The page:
It's not exactly a historic moment or anything, but today's review of the 2000 GMC Jimmy sport utility vehicle is my last . . . not my last car review, hopefully, but the last review of a vehicle called "Jimmy."

That's because General Motors has decided to dump the name in favor of a monicker with a loftier ring to it: Envoy, the name that GM has used for the past three years for a luxury version of the Jimmy.

Production of the 2002 Envoy is scheduled to begin in January with the new vehicle hitting GMC showrooms in the spring.

The Jimmy name first appeared 31 years ago on a full-size SUV that was the predecessor of the GMC Yukon, but people had for years been running the letters GMC together to come up with "Jimmy" before GM decided to formalize it.

Personally, I liked it better when it was informal, a nickname used by owners in the tradition of "Ol' Betsy." Once GM gave the name its seal of approval, it lost much of its cool quotient. GM says there are currently no plans to bring the name back on any other vehicle, so now it can return to its roots as an unofficial nickname.

So, if you think the name "Envoy" sounds a bit stuffy (envoys are representatives of foreign governments who rank below ambassadors), why you just feel free to go right on calling your GMC a Jimmy. On the other hand, GM has dumped names before (Malibu, Impala) only to bring them back years later.

Chevrolet is also going to change the name of its Jimmy sister ship, long known as the Blazer, to Trailblazer, a name that also has been used recently for an upscale version of the Blazer. The Oldsmobile version will remain the Bravada. Thank goodness there are at least a few things we can count on in this ever-changing world.

All three SUV's will get a major overhaul next year, becoming longer and wider with more carlike (as opposed to trucklike) handling and ride quality and powered by a new, more powerful 4.2-liter, six-cylinder engine. There is even speculation that longer versions, offering a third row of seating, will be introduced in future versions of the Envoy/Trailblazer/Bravada triplets.

So, if you like the 2000 Jimmy just as it is, as a smaller sport-ute which is easier to park, fits better in your garage and gets semi-decent fuel mileage (compared to the behemoth SUVs) of 16 mpg in city driving and 20 mpg on the highway, then the 2000 GMC Jimmy represents your last chance.

Conversely, if you think the Jimmy is a bit too small and underpowered for its price, then wait until next year.

Speaking of price, they're not giving Jimmys away, even though they've got a new one in the works. Base price for my tester was $33,370, but a "Diamond Edition" package added $1,250. With another $750 for an optional sunroof and a delivery charge of $550, the bottom line came to $35,920.

The "Diamond Edition" is one of those special packages that bundles a number of options together. In this case, it includes those ultrawhite xenon headlights, a multiple-CD player, rear load leveling suspension, rear audio controls and an interior treatment in which the upholstery is segmented into a diamond pattern. (Diamond Edition, get it?)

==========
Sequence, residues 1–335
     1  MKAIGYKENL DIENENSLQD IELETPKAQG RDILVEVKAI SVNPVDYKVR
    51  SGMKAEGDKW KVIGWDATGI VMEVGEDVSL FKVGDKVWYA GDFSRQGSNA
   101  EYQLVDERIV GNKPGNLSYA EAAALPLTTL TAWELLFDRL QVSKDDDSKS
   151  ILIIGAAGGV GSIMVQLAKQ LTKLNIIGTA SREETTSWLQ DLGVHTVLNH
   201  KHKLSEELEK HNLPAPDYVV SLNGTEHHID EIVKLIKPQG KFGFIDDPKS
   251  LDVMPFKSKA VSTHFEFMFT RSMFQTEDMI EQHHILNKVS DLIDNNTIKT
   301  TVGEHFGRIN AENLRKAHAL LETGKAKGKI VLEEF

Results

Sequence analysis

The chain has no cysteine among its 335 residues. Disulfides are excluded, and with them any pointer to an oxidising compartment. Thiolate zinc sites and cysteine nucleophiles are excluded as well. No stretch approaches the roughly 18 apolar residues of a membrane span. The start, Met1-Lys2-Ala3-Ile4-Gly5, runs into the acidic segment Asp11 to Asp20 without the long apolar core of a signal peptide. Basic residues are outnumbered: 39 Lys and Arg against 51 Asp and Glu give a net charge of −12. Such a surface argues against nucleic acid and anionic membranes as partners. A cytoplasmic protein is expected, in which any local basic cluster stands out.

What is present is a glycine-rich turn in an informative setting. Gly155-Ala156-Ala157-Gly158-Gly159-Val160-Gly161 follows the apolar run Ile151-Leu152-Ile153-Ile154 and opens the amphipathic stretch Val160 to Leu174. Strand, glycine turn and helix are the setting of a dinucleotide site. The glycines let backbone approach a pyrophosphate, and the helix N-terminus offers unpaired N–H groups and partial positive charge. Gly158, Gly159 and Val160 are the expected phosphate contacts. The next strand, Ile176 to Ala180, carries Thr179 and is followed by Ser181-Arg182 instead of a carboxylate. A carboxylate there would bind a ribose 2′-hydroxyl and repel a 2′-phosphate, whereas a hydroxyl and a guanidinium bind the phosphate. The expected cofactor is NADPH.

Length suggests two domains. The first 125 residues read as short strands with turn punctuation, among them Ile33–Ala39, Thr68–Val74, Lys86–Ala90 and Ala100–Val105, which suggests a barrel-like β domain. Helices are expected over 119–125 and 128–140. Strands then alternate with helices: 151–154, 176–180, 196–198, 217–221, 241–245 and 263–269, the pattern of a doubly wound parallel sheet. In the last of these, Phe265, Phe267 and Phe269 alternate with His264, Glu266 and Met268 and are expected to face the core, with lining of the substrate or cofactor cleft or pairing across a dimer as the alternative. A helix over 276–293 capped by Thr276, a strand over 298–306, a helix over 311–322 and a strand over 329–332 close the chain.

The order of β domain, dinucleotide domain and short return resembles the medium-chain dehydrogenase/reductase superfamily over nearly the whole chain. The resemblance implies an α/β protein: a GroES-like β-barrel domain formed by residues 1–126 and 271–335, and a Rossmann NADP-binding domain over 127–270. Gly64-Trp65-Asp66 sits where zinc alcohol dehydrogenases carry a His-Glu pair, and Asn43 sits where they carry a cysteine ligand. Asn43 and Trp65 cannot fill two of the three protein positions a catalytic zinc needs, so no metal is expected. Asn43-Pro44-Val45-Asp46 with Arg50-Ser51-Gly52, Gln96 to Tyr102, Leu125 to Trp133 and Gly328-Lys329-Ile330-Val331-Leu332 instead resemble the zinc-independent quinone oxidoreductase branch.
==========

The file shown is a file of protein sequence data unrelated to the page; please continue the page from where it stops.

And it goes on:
While I understand the concept of creating special editions (Ford has used just about every big-name designer on the planet for its special editions, not to mention clothing retailer Eddie Bauer), I found the diamond upholstery to be . . . well, let's just say that it doesn't improve on the old Naugahyde tuck-n-roll jobs of the '50s.

For 2000, Jimmy models come with a higher level of content than in the past, which simplifies the ordering process. As noted above, the Diamond Edition package and the sunroof were the only options on my tester, a far cry from the past when a typical GM product would have a long list of items listed separately, a move to keep the base price low for advertising purposes.

But consumers have tired of that ploy, particularly since the imports haven't played that game and have snared customers away from the Detroit Big Three in the process.

New Jimmys have higher trailer ratings, up 200 pounds on two-wheel-drive models and 600 pounds on 4WD models.

The Smooth Ride suspension package has been discontinued, with Jimmy customers now having a choice of Euro-Ride or Off-Road Ride on two-door models and Euro-Ride or Luxury Ride on four-door models.

There are a few other minor upgrades, but until the new ones hit the streets next year, the 2000 Jimmy is pretty much the same vehicle that it's been for much of the past decade, which has to be a good thing because there are so many of them out there, particularly the Chevy Blazer version.

Now all that remains to be seen is whether the sport-utility phenomenon has real staying power in the face of rising gasoline prices or whether the pendulum will swing back once again toward smaller, lighter, less-thirsty automobiles.